5. Boat Fuel

No matter how hard you blow on the sails, sometimes the boat just won’t go!! $885.08

Sewing the jib at the marina
Sewing the jib at the old marina
(Santa Rosalia, Mexico)
6. Marinas and Mooring Balls

While many cruisers enjoy the benefits, amenities and conveniences of dock life, we rarely frequented marinas and instead anchored out as much as possible.

We used our time wisely when we did venture into a slip and caught up on space hog or electricity sucking projects, like sewing dinghy chaps or building extra shelving in the lockers.

We spent very little time our first year in marinas and so spent only $751.74.

An auriga is a popular form of transportation - Mazatlan, Mexico
“An “auriga” is a popular
form of transportation
(Mazatlan, Mexico)
7. Transportation

When walking won’t cut it, public transportation is the preferred method of getting around for our family. When that is not an option, taxis are relatively cheap in Mexico if you barter first. $650.83

8. Auto Maintenance & Gas

We spent $631.42 in 2009 maintaining our economy car, not including insurance or tags. And although we drove it to the states two out of three times, it was too much hassle to store and keep the insurance up-to-date. We sold it at the end of the year.

Tim nursing a sting ray wound
Tim nursing
a sting ray wound
(Bahia Los Angeles, Mexico)
9. Insurance

This expense includes Mexican liability insurance for the boat and car, tags for the car, and life insurance.

We opted not to renew our health insurance because it doubled in cost.. Instead, we were proactive with our annual wellness exams & dental cleanings, as Mexican healthcare costs are very reasonable. $606.24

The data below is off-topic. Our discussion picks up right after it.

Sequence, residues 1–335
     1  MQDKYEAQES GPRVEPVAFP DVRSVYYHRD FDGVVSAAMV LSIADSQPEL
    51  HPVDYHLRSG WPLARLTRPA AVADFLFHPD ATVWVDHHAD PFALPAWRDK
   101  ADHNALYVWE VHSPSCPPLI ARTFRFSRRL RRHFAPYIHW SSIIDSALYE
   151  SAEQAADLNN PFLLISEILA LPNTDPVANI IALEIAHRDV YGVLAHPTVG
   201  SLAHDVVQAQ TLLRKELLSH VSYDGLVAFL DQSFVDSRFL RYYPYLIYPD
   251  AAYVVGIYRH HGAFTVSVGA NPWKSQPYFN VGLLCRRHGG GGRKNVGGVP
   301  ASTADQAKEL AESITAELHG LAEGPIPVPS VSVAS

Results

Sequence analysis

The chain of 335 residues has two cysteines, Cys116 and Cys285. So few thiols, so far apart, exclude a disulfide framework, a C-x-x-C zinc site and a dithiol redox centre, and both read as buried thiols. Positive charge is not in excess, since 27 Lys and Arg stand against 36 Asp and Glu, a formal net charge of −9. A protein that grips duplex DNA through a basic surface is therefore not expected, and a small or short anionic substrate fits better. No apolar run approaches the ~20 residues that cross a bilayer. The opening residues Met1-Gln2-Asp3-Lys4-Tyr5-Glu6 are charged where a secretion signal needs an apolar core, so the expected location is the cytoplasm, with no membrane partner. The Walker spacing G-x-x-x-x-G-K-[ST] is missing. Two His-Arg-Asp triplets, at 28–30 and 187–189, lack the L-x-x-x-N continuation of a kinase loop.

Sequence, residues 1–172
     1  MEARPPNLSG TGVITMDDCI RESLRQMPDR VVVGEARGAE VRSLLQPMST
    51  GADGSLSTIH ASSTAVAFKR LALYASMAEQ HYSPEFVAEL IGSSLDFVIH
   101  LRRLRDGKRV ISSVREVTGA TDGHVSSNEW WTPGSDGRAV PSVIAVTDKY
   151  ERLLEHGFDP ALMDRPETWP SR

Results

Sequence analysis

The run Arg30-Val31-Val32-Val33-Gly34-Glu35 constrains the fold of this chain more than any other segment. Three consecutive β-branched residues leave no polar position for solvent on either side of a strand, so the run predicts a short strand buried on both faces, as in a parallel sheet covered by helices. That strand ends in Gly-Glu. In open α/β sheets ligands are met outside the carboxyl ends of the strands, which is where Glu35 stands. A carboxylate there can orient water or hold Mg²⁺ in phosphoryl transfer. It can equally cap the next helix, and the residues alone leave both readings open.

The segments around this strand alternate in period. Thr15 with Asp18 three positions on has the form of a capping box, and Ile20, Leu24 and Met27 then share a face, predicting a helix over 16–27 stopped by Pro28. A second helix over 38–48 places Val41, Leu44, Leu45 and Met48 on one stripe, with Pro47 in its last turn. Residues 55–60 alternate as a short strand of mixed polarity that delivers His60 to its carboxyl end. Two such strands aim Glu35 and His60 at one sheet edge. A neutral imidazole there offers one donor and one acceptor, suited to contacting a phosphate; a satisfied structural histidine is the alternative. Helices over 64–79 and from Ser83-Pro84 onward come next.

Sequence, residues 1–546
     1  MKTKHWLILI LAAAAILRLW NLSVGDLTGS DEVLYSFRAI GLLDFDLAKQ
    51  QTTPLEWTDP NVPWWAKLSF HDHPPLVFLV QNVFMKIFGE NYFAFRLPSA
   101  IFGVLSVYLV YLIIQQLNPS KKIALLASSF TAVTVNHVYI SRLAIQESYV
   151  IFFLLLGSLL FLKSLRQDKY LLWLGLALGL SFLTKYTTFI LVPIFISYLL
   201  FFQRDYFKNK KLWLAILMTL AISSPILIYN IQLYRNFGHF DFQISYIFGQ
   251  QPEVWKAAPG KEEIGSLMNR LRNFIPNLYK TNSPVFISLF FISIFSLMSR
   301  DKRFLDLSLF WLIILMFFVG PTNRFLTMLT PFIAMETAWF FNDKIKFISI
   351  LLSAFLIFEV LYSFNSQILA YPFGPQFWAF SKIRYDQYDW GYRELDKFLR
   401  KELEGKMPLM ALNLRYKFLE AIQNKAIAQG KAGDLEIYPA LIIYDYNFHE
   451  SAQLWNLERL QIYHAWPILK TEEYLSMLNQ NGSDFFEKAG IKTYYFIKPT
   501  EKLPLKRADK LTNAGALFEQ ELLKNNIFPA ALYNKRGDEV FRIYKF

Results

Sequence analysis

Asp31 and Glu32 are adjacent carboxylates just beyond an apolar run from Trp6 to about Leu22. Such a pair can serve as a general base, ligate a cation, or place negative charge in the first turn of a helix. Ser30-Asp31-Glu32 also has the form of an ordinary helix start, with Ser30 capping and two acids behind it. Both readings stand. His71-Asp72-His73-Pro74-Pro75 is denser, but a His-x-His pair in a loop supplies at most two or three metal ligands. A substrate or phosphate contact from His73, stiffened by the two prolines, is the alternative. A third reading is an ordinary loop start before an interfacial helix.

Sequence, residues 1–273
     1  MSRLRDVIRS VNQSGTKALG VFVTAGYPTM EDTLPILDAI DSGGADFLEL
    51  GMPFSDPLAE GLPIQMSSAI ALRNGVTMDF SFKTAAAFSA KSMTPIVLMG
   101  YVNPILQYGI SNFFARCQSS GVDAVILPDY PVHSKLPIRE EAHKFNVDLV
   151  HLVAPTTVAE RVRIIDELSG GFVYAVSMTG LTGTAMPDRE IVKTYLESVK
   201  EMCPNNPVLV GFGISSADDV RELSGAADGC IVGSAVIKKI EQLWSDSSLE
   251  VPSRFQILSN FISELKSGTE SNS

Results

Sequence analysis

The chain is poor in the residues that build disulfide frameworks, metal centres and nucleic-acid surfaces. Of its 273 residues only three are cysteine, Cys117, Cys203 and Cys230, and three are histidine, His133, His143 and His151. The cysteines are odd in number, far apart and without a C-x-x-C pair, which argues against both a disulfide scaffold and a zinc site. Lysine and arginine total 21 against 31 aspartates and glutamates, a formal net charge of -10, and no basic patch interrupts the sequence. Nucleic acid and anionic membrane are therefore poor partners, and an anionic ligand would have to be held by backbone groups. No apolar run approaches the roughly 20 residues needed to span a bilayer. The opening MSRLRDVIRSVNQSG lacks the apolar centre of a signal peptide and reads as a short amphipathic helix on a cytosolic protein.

10. Gifts

These are the things we gave to our friends and family or to the kids for holidays or birthdays. Due to the economy and our shipping restrictions, we gave smaller, more thoughtful gifts that cost less and hopefully meant more. It sounds good anyway, doesn’t it? $409.28

Our top 10 cruising costs account for 88% of our total expenses for the first year.

I believe that our success was largely due to following one major principle: Be flexible!

You simply can’t plan for everything.

For example, we exceeded our monthly budget several months that year due to unexpected costs (like the time the wind generator blew up). For us, our focus was on the annual cost. This gave us more freedom and took the stress out of budgeting.

There are many cruisers out there cruising for less and there are plenty of them cruising for more. Spending options are simply a personal choice.

We have our complete 2009 cruising expenses published on our website at under the obvious… “Expenses”.